Thoughts on Pride & Prejudice, Bad Parenting & What Happens When You Reread A Book
I've been reading/re-reading some classics lately: TRUE GRIT, PRIDE & PREJUDICE, ROBINSON CRUSOE, REBECCA.
Perhaps I should warn you up front I'm NOT a huge Jane Austen fan. (Team Bronte all the way!)
The first time I read Pride & Prejudice was in 8th grade. I loved it. I was delighted with the new-to-me discovery that 19th century English people were smartasses, too!
Still delighted with that.
The second time I read it (a few decades later), I was appalled by all the stupid customs and social conventions people had to put up with in those days. Not coincidentally, I was appalled by all the stupid customs and social conventions I had to put up with at that time of my life.
The third time I read it (a few weeks ago), what struck me most forcefully was the theme of Adult Children Overcoming The Bad Parenting To Which They Were Subjected. That's really what the book is about as far as I'm concerned. Not romance, not true love, not smothering social conventions. (Still love the smartasses.) I'm not the first person to recognize that theme in P&P and elsewhere in Austen's works.
Perhaps that theme jumped out at me this time around because the novel I most recently finished writing features a 25-year-old protagonist with Truly Terrible Parents. Novel #6, which is nearing the finish line for its first draft (72K+ words!), could not be more different from Novel #5. The folks that protagonist calls parents were awesome from her point of view. Now I'm not saying they were eaten by a rhinoceros, but from the novelist's plotting point of view, Boring Virtuous Awesome Parents have usually got to go. Exit stage left, with or without the rhino. Bad Parents are much more interesting to read about--I'm looking at you, Mr. and Mrs. Bennet. Plus, Bad Parents provide the protagonist with all sorts of obstacles to be overcome--a must for a good novel.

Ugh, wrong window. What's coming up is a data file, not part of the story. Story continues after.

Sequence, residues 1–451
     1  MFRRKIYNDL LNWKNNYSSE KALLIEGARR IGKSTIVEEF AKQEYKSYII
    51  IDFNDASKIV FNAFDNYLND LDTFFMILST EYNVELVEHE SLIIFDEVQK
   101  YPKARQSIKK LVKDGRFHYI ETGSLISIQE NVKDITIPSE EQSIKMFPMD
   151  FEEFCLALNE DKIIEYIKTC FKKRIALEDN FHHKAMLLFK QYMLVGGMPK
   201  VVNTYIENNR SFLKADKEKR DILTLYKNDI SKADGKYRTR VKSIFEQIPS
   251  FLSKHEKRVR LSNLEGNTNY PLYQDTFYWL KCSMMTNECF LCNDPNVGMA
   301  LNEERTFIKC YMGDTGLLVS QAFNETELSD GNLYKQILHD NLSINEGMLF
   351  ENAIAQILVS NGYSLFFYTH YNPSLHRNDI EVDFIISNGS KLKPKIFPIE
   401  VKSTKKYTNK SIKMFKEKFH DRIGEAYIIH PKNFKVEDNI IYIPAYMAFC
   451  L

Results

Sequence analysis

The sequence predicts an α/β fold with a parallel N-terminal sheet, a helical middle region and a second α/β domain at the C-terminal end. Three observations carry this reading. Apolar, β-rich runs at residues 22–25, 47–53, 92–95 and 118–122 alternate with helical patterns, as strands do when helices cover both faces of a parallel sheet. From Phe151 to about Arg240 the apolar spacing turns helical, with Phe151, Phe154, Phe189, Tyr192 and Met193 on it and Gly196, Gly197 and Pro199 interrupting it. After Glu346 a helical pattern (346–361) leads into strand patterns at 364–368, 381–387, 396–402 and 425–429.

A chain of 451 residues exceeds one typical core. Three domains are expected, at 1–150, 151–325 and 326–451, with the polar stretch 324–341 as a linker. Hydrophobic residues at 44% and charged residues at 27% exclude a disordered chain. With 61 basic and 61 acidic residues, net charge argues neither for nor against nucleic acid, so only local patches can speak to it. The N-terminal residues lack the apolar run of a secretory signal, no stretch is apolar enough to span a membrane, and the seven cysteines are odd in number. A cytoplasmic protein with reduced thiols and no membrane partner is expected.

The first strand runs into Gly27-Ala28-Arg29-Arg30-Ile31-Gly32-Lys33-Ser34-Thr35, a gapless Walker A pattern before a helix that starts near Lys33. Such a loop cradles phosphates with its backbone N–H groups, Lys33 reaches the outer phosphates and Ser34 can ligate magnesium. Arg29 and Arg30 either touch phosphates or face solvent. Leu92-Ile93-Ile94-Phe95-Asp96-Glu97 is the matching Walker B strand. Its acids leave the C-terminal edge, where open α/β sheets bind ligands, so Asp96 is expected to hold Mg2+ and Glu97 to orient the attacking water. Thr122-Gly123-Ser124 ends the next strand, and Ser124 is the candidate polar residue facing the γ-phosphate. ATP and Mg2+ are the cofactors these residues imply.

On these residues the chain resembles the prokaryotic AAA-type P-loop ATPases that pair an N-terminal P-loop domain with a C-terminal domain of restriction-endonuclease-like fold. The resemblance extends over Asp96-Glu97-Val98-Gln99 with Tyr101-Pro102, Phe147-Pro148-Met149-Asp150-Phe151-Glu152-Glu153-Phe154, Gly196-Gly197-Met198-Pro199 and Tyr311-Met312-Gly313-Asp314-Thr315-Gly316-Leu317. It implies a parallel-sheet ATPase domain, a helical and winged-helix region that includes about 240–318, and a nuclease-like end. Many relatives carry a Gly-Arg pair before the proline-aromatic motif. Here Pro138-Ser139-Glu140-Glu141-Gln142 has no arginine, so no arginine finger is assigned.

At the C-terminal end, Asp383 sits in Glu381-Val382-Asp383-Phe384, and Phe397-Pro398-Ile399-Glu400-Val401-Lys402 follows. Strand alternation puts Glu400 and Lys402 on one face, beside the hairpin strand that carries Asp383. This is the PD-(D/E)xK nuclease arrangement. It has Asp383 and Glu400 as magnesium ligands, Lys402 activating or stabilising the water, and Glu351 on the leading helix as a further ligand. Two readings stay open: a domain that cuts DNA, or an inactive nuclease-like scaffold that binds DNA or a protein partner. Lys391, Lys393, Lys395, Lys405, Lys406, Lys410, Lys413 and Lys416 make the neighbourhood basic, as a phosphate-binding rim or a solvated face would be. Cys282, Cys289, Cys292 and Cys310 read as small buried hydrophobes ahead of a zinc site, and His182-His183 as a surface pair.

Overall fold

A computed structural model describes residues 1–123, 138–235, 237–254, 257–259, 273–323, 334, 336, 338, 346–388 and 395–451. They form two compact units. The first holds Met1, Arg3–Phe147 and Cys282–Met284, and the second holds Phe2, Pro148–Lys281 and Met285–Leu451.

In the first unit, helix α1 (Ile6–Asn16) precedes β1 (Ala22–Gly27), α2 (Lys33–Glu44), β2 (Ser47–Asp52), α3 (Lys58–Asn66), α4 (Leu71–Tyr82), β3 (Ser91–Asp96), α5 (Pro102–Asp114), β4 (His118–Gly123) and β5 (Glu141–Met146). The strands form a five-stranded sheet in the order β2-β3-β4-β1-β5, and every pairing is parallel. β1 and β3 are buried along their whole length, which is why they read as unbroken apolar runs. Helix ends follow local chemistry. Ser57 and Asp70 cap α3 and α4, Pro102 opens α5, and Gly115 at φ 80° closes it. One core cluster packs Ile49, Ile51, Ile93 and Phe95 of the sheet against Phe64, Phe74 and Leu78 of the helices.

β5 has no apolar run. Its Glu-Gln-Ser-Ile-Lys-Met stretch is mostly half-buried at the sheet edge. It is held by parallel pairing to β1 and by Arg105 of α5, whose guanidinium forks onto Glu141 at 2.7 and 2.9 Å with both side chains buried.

Will I read P&P a 4th time in another few decades? I don't know... There are a lot of books to read (and reread) in the world. I may have gotten all I can out of that one. There are, of course, many other themes and ideas people latch upon in P&P--I'm just highlighting here the three that clobbered me over the head.
But this is why I've always reread the books I like. Many, many times for the books I love. As I change, the books change and I always get something new and interesting out of them. On to the next one!